MicroPub aims to shift this culture.  It provides a venue that recognizes that irreproducibility often does not reflect scientific fraud or sloppiness, but may be due to other reasons.  Instead, irreproducibility is often due to subtle differences in experimental conditions or analyses, or publication bias.  Currently there is no published venue for discussion of these issues.  Although open access publications that utilize post-publication peer-review offer an avenue for online discussions, we feel that commenting per se does not carry the same strength as first-hand experimental data.  MicroPub provides a way to quickly publish first-hand data, and integrates it with open access and post-publication discussions.


Moreover, MicroPub provides a venue for scientists other than the initial authors to publish replication studies.  Right now, the peer-review barrier for doing so, particularly when a replication study contradicts the original study, is enormously high.  MicroPub is specifically devoted to studies of this type, so the barriers will be surmountable and the studies can be published and disseminated.


Of course, replication studies by initial authors will also be welcome.  It is often members of the same lab who replicate (or cannot replicate) each other’s results.  Again there are enormous disincentives (job security, NIH funding, reputation) against publishing such studies. MicroPub becomes a way for labs to publicly acknowledge and explore reasons for irreproducibility, and ultimately, to establish a reputation for honing long-term, course-correcting, scientifically valid results.  It is our hope that as cultural barriers against admitting error shift, so too will the institutional (NIH funding) barriers. 


2013-03-14 Addendum to Proposal:

MicroPub Keeps Track of Methodology Requests and Serves as a Detailed Methods Repository

One of the major barriers to replicating biological experiments is the unavailability of clear step-by-step methodologies and help with reagents and equipment. Due to journal space limitations, authors are unable to explain exactly how they did their experiments, and rely on citing previous publications that describe similar methods. However, methods are usually modified and these changes are often the key to getting the published results. As there is currently no accountability, requesting for protocols and reagents can be a slow, tedious process. MicroPub aims to solve this issue by providing a custom contact and tracking service that emails the first and the corresponding authors, explaining that a replicator wishes to replicate a particular figure in their publication. MicroPub will then announce this request on the website and keeps track of how long it has been since the original authors have been notified, and whether they have responded. These protocols are published onto MicroPub directly and become available to not only the replicator, but also to the wider community of scientists who may also wish repeat the experiment. To provide incentive, both the original authors and the replicator are credited for the methodology section. There are also cultural incentives, as collaborations are often predicated upon shared protocols and reagents. This act of sharing is one of the many benefits of attending scientific conferences, and MicroPub can provide a platform for these kinds of productive social interactions online.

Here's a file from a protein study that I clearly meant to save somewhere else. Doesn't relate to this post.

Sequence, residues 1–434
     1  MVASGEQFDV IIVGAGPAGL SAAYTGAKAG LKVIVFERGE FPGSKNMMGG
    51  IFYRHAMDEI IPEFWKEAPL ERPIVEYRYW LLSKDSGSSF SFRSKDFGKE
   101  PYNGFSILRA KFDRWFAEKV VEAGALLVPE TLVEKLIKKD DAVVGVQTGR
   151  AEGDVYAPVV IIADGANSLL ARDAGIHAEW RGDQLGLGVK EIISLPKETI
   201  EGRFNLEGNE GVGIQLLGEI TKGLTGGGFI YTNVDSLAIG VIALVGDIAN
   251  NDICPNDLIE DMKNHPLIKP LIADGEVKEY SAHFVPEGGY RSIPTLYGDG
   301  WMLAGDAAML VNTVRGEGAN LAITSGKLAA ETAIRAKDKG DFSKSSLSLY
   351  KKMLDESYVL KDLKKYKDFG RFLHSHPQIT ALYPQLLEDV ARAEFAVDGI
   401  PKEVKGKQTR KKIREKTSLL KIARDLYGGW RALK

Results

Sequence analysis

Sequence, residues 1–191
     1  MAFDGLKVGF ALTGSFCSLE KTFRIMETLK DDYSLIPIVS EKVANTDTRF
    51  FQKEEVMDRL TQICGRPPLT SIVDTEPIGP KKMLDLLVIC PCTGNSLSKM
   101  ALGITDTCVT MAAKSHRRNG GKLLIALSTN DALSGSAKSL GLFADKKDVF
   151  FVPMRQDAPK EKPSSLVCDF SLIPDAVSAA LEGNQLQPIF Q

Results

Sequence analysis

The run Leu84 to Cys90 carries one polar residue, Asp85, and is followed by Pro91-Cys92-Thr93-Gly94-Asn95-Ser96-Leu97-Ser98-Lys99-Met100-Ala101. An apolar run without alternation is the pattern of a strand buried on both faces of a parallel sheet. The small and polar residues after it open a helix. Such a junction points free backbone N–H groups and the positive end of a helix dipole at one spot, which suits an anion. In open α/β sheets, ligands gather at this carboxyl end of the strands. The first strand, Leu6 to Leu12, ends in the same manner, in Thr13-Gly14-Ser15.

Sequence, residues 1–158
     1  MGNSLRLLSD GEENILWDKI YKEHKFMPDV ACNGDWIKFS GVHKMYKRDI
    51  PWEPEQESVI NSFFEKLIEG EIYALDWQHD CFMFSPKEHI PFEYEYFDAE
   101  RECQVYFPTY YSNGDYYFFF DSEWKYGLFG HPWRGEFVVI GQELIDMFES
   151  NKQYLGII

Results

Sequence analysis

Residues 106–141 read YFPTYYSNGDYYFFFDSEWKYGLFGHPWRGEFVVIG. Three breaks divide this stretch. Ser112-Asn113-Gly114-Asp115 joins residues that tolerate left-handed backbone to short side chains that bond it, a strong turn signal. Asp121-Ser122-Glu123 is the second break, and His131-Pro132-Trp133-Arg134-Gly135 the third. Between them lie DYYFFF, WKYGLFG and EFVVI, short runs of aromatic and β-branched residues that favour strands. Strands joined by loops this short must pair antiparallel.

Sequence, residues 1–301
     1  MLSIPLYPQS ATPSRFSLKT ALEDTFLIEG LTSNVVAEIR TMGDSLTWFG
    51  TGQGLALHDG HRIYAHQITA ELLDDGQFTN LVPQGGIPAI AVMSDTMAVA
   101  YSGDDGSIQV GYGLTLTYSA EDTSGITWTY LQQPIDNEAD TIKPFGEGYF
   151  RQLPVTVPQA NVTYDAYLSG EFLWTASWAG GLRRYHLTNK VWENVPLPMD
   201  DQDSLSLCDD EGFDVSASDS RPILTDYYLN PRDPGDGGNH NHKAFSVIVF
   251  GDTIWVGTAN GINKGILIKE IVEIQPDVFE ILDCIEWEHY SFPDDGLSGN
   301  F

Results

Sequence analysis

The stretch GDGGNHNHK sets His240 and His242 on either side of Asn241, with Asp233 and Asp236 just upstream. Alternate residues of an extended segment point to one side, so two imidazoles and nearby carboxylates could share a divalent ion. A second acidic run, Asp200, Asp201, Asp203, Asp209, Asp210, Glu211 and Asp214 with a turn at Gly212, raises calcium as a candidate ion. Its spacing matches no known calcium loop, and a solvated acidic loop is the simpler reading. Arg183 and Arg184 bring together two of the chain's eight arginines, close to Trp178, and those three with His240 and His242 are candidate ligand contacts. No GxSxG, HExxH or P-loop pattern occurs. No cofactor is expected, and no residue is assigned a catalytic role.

3.    Criteria and metrics for success

MicroPub fits squarely within the mission of CTSI.  MicroPub “nurtures communication, encourages collaboration, fosters innovation, and catalyzes the successful conduct of research”.  Most importantly, MicroPub has potential to revolutionize translational and clinical research because it will ensure that researchers only pursue investigations on basic science findings that have been independently validated many times.  The success of the initiative will be measured by the total number of MicroPubs and by the number of MicroPubs used as justification for translational/clinical follow-up research.